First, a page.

PUTRAJAYA, Nov 30 ― Malaysia has made an improvement in mathematics and science and the Education Ministry hopes the upward trend will continue to boost the education system.
Education director-general Tan Sri Khair Mohamad Yusof said the ministry would carry on improving the curriculum and standards of education to ensure students score in every aspect and any given time.
He was referring to Malaysia’s achievement in the Trends in International Mathematics and Science Study (TIMSS) 2015.
Malaysia's scores for both subjects were better compared to the 2011 assessment. It chalked up 465 points for mathematics and 471 points for science in assessments conducted on 9,726 Form 2 students, 652 teachers and 207 principals from 207 schools nationwide.
Malaysia was among 38 other countries, including Singapore, Israel, Thailand, the United States, Britain, Hong Kong and Russia, in the assessment.
In the 2011 assessment, Malaysia scored 440 points in mathematics and 426 points in science.
Malaysia ranked 22nd in mathematics and 24th in science. In the previous assessment, the country was placed 26th and 32nd, respectively.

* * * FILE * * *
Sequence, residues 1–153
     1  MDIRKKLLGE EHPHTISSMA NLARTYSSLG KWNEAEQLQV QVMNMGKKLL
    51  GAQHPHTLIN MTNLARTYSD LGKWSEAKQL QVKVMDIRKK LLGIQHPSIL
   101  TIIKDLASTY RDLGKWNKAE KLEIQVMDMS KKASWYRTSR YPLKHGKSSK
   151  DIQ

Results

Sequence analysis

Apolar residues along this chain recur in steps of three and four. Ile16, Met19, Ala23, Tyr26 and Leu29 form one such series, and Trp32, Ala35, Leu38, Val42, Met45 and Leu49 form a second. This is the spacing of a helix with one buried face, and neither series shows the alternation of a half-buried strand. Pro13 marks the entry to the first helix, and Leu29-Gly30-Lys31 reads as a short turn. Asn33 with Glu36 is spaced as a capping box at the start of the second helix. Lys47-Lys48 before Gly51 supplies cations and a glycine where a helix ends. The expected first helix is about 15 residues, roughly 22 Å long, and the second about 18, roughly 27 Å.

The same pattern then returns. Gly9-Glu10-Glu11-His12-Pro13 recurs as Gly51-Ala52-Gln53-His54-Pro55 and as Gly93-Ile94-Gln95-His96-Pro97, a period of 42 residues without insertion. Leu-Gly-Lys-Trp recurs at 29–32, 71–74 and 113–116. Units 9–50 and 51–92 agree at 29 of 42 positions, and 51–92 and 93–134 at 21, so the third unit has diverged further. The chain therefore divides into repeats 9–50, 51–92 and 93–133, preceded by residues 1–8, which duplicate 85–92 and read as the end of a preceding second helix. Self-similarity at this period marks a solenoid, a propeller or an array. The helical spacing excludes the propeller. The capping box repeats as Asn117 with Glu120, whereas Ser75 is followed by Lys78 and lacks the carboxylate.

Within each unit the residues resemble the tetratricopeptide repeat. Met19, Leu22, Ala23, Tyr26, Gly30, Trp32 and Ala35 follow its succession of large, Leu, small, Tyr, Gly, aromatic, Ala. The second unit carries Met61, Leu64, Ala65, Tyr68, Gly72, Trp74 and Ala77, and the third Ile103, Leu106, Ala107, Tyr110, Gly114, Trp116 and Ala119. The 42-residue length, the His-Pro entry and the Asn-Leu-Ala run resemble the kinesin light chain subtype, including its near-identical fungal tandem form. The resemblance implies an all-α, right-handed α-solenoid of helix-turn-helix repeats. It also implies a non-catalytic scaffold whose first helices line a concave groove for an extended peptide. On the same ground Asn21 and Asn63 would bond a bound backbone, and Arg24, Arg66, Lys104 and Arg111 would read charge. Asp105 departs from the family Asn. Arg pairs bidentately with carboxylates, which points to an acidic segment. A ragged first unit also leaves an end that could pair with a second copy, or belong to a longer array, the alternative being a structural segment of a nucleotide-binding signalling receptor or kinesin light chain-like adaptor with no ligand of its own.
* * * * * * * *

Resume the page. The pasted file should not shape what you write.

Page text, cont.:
The study also showed girls fared better in all domains, and the gap between urban and rural schools closing.
“We need to ensure our students are prepared for challenges all the time, not just when facing an official assessment like TIMSS,” Khair said when presenting the report yesterday.
He said the achievement had placed Malaysia in the middle of the overall ranking and the end-target was for the nation to be part of the top one-third.
Khair said among the factors that contributed to the improvement were the schools’ environment and students’ socio-economic background.
“Almost all teachers and principals have higher educational backgrounds with more than 50 per cent of teachers with over a decade of teaching experience.
“We will continue our efforts to achieve better results. We target to accomplish 500 points in both subjects in the next assessment cycle (TIMSS 2019).”
Singapore topped the ranks in both subjects. The republic’s students have consistently done well in the study conducted every four years since 1995.
Its education ministry said syllabus changes, which saw two “massive rounds” of content reduction in 1998 and 2003, could have played a part in the improvements.